Friday, July 03, 2015

Number 1756: Lady Blackhawk shows her stuff!

Zinda, the only female with those testosterone troopers, the Blackhawks, stumbles into a mystery while on vacation in France. She changes into her Lady Blackhawk costume (tunic with mini-skirt and boots), just in time to dive into the water, chasing some crooks. After presenting the mystery to the Blackhawks, she basically disappears for a few pages, just in time to reappear, parachuting into the finale.

I am sorry that the writer could not think of more for Zinda to do than be a bit player in the story. It is of its time, 1963. Other female superheroines and plucky non-super females appearing in DC Comics notwithstanding, girls usually didn’t do the rough stuff, not when they had a gaggle of guys to do it for them.

From Blackhawk #186. Drawn by Dick Dillin and Chuck Cuidera.

Meet me after the story, okay?

When I scanned this from my copy of the comic I picked up on this. Even though I have owned the comic since it was new, I had not noticed this. Dillon and Cuidera got away with something in this Comics Code approved issue. As Zinda parachutes down she flashes an unidentified member of the Blackhawk team. I call it as I see it. What would you call it?

There is a similar situation in this posting from last fall. Click on the thumbnail to see what I mean.

Wednesday, July 01, 2015

Number 1755: John Stanley: Three beyond Lulu

After  John Stanley left his magnum opus, Little Lulu, there were other series. None of them lasted as long as Lulu, but they are still classic for being written by a master of comic humor. I am posting examples of three today.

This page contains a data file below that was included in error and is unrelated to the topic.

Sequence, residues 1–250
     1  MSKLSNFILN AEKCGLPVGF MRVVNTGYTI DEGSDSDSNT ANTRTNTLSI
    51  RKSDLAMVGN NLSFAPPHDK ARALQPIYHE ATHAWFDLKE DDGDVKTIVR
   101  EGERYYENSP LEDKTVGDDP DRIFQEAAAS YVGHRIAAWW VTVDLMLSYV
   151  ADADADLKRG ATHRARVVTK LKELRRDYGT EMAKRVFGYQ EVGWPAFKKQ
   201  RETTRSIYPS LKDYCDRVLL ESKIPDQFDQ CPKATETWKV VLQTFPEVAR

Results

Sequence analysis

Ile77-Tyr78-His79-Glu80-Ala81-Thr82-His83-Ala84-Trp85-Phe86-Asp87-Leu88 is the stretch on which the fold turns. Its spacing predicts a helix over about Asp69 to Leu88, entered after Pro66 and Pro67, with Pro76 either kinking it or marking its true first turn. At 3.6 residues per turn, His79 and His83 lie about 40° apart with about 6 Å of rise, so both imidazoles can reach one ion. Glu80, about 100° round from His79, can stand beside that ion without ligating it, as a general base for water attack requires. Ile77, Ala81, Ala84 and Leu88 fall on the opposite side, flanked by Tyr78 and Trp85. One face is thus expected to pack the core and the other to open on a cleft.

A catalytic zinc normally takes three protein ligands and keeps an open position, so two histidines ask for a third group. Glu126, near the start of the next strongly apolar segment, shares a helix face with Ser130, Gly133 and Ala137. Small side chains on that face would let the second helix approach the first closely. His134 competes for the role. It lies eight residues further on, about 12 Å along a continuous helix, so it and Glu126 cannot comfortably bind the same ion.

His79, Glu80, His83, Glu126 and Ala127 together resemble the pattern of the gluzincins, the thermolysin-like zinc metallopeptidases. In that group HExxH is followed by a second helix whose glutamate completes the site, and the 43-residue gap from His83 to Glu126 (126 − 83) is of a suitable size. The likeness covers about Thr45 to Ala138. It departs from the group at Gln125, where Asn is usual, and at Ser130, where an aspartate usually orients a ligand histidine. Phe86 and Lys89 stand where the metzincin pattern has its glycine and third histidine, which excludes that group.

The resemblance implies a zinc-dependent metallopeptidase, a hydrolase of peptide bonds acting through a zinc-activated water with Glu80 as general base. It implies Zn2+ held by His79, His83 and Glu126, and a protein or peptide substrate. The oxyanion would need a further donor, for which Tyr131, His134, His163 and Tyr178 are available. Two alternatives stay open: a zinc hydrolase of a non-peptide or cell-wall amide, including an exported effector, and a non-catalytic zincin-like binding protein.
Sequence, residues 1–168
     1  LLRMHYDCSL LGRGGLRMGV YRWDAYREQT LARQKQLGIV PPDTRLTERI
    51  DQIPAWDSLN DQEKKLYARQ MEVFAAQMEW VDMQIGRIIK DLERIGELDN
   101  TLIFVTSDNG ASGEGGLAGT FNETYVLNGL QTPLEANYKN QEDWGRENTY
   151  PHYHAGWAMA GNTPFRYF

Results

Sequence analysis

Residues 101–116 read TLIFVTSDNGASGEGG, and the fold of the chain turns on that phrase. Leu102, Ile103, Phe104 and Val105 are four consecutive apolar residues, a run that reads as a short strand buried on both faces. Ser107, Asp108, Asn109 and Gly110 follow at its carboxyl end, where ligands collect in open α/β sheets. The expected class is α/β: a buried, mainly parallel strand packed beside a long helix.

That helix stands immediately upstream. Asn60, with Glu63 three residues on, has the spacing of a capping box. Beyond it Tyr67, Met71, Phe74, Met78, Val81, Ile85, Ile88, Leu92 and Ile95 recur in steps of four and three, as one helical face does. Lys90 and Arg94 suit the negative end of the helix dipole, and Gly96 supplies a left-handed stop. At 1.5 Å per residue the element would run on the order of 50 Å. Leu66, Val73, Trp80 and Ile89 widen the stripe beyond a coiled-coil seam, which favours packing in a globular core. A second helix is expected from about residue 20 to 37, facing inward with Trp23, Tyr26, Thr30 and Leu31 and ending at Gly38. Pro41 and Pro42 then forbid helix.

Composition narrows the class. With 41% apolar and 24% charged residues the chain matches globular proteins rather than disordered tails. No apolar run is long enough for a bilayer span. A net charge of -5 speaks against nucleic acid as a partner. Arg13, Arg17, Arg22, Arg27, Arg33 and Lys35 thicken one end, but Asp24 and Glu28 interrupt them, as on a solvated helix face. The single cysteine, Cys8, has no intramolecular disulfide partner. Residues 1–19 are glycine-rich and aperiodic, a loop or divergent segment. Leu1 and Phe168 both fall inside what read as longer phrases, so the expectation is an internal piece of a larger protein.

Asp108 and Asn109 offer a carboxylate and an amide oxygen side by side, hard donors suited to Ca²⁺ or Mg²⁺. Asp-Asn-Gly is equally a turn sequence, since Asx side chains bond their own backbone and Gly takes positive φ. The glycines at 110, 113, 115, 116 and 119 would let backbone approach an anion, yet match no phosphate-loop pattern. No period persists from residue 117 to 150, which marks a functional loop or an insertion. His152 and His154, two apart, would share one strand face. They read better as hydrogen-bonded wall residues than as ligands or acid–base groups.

First, a late fifties Stanley version of the Ernie Bushmiller newspaper strip, from Nancy #170 (1959). Next is an example of Stanley’s inspired and bizarre Melvin Monster, written and drawn by him from issue #5 (1966). Finally, the first story in the short-lived Gold Key series, O.G. Whiz. When I found this on the comic book spinner, on its first release in 1970, I knew Stanley’s name and unmistakable style. I owe that to Don and Maggie Thompson’s excellent fanzine, Comic Art, circa early 1960s, which is where I first read Stanley’s name.

Always highly recommended, the Stanley Stories blog by Frank Young.

Monday, June 29, 2015

Number 1754: The Sub-Zero Man cools it

Where I live the calendar is moving us into the hottest time of the year. Not that it hasn’t been hot, already. It just gets hotter.

So I don’t know if the Sub-Zero Man will make us cooler, but maybe if we put our faces closer to our computer screens we will feel a gentle, cool breeze wafting over us. Ahhhhh. I can feel it.

The Sub-Zero Man is an early superhero who appeared in Blue Bolt Comics. He was yet another alien who came to Earth* (in this case from Venus) with superpowers. When you read the story you’ll easily enough understand his powers. Oh yeah...he is called Sub-Zero by the other characters, and officially Sub-Zero (dropped “The” and “Man” from his name) sometime later.

From Blue Bolt Comics #3 (1940). Signed by Larry Antonette.

*For some reason these good alien superheroes land in America. Lucky for us Yanks, eh?

Friday, June 26, 2015

Number 1753: “Dead men’s soundless screams”

Over the past few years I have read several news stories about funeral homes and crematories that cheat customers. Overcharging for cheaply built coffins, and worse. There was a story of a Georgia crematory where unburned bodies were stacked up in nearby woods. Another story from Baltimore tells of 40 bodies in a garage. Gee, makes me not want to die if I’m going to be treated like that. I thought at the time those stories would make good horror comics material. And they have. The Beyond #25 (1954) has a story about the dead coming back to life because of the shoddy caskets they have been given to lie in. I am fairly certain that corpses rising from the dead notwithstanding, in real life thievery of the living who are paying to honor their beloved dead has gone on many, many times.

Art attributed to Jim McLaughlin.